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6 Ways to Protect Your Business from Divorce

As a entrepreneur, you’re very protective of your business. After all, it took a lot of blood, sweat and tears to reach your position in life. And unless you built your business with your future spouse, there’s a good chance you want to keep him or her out of it if the two of you should get divorced.

Here are six ways to protect your business from divorce.

1. Sign a Prenuptial Agreement

One of the most effective and simplest ways to divorce-proof your business is to sign a prenuptial agreement. Not all prenups are ironclad, but working with an experienced divorce lawyer will help increase your chances of the agreement standing in court.

Both of you will need to have your own, separate attorneys for a prenup to be valid. You must both also disclose all of your liabilities and assets.

A prenuptial agreement will clearly identify your business as separate property, so your spouse will not have a stake in the company should you divorce. Without a prenup, your business may either be divided, or your spouse may wind up being your new business partner.

2. Keep Your Spouse Out of the Business

In some cases, judges rule in favor of a spouse despite having a prenuptial agreement in place simply because the spouse played a role in growing the business.

By keeping your spouse out of the business entirely – both financially and in the decision-making processes – it will be harder to prove that he or she had a hand in your business’s success.

While you’re at it, make sure that there’s no commingling of your personal and business finances. Keep your assets separate, so they may not be considered marital property.

3. Create a Buy-Sell Agreement

A buy-sell agreement can also keep your spouse out of the business in case of divorce. Sometimes called a “business will,” a buy-sell agreement would allow your other partners to buy out your share of the business to keep your spouse out of the company.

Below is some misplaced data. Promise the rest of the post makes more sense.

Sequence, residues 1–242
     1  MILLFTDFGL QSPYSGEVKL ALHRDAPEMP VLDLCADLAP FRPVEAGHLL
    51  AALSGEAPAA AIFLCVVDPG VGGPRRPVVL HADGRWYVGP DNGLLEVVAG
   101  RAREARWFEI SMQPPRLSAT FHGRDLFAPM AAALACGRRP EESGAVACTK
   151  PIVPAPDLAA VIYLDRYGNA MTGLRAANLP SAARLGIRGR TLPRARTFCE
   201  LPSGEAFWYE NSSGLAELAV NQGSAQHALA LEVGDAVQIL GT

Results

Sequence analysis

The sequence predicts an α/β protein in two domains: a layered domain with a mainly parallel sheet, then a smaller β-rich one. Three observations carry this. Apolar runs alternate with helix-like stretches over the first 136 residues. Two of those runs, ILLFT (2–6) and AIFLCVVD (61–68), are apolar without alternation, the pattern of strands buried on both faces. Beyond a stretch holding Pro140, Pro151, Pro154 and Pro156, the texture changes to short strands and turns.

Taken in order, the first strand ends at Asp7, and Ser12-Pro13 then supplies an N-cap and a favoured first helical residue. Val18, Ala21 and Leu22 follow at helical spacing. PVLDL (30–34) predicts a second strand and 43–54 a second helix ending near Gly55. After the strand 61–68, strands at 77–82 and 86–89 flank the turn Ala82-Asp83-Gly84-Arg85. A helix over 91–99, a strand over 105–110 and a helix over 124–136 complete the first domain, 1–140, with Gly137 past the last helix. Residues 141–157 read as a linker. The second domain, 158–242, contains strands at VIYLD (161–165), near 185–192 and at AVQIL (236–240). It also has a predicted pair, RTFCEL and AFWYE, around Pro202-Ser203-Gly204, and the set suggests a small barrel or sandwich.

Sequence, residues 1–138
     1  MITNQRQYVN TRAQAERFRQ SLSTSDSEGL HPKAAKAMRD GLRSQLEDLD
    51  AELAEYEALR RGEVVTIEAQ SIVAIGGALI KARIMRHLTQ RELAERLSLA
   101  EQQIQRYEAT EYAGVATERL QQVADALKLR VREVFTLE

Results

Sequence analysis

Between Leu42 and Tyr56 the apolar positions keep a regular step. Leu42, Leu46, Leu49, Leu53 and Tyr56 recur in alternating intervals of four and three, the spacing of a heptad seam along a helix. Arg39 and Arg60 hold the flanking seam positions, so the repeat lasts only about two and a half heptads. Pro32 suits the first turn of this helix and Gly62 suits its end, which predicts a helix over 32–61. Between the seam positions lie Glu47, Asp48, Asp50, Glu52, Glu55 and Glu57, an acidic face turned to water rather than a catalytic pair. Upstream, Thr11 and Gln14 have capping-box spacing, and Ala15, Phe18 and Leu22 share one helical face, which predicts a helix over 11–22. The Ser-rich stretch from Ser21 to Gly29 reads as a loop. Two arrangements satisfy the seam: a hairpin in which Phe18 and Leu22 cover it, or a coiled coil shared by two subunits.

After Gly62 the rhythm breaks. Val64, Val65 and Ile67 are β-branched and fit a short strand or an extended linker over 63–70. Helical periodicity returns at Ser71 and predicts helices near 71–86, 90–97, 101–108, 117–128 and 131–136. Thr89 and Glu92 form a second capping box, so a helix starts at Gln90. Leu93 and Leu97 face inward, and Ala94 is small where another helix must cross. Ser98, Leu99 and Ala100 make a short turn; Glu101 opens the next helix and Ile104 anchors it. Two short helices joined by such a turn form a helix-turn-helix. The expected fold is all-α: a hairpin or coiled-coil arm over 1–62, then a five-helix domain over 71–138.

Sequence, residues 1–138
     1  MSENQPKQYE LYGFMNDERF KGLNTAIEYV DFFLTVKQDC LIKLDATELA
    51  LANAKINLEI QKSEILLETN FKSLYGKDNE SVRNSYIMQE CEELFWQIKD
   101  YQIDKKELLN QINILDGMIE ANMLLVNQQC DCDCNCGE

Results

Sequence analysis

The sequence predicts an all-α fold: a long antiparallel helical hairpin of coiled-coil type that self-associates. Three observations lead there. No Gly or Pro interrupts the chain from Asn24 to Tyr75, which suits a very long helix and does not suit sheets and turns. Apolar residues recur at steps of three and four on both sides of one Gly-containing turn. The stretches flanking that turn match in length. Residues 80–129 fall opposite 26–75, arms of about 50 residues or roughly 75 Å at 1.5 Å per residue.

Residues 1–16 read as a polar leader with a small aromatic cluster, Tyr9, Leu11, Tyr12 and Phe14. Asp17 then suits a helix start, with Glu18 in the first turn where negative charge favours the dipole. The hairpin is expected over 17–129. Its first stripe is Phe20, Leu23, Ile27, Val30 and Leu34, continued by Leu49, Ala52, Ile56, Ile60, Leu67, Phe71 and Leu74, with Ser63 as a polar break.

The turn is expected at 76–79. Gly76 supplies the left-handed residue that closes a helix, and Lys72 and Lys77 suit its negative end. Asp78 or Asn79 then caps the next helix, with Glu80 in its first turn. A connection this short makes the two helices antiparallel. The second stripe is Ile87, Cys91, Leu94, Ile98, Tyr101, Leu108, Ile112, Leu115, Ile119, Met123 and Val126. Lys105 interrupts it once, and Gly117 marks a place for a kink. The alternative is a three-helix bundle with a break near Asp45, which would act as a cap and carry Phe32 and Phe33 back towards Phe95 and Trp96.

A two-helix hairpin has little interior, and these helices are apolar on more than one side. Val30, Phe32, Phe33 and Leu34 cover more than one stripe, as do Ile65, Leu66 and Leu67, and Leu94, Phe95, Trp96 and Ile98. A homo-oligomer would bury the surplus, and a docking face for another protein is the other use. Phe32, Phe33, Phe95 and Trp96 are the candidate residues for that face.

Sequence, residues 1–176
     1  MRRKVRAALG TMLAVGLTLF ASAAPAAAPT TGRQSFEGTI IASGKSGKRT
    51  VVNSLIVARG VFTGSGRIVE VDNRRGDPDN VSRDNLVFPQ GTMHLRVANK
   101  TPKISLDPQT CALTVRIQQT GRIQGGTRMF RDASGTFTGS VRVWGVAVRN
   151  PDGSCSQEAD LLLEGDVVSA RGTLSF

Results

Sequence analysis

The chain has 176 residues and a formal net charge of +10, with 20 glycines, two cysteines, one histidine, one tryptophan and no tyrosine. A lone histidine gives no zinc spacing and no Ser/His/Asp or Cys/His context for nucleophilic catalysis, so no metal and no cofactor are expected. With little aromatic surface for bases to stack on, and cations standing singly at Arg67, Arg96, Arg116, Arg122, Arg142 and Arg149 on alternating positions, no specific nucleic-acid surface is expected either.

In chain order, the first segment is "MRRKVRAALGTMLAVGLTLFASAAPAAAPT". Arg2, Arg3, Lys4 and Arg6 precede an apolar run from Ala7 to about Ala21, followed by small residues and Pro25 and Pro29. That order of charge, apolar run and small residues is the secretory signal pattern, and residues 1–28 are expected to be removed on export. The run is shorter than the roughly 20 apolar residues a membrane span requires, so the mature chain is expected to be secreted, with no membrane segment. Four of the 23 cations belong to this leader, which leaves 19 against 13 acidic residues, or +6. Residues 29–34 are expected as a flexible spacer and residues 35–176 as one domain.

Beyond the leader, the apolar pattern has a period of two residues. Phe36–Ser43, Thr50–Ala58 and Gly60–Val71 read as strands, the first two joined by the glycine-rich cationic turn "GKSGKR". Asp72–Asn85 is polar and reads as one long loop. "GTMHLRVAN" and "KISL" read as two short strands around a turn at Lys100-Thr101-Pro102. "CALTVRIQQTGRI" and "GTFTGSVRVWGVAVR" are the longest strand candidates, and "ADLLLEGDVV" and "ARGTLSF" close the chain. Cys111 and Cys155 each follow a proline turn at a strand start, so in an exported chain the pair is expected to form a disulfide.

Consider having flexible payment terms in the agreement, such as a down payment and installment payments over a set period of time to pay off the remainder of the share.

4. Call On the Help of Professionals

When it comes to protecting your business assets, it’s best not to go at it alone. Call on the help of professionals, such as business lawyers, financial planners and advisers to help shield your business from a potential divorce.

A team of professionals will provide you with the expert knowledge and advice you need to make an informed decision.

5. Be Willing to Sacrifice Other Assets

If it’s already too late and you’re headed down the road of divorce without protection, you may still be able to save your business. Sacrificing other assets, like your home or car, may increase your chances of being able to retain ownership of your company.

While not guaranteed, you’ll have a higher chance of keeping your business if you have other assets that will satisfy the value of your share in the company.

But if your soon-to-be-ex wants to push the issue, you may be at the mercy of the judge.

6. Set Up a DAPT

If you have no interest in signing a pre- or post-nuptial agreement, a DAPT (domestic asset protection trust) may shield your assets. A DAPT transfers ownership of your company into a trust. The trust then becomes the legal owner of the company, which removes it from the marital property equation.

This type of arrangements will work with most entities, but may not work with S Corporations. Be sure to work closely with an attorney when establishing a DAPT.

When you say “I do,” there’s no guarantee that your marriage will last forever. If you’re a successful entrepreneur, take the time to protect your business before you walk down the aisle to prepare for the “what if.”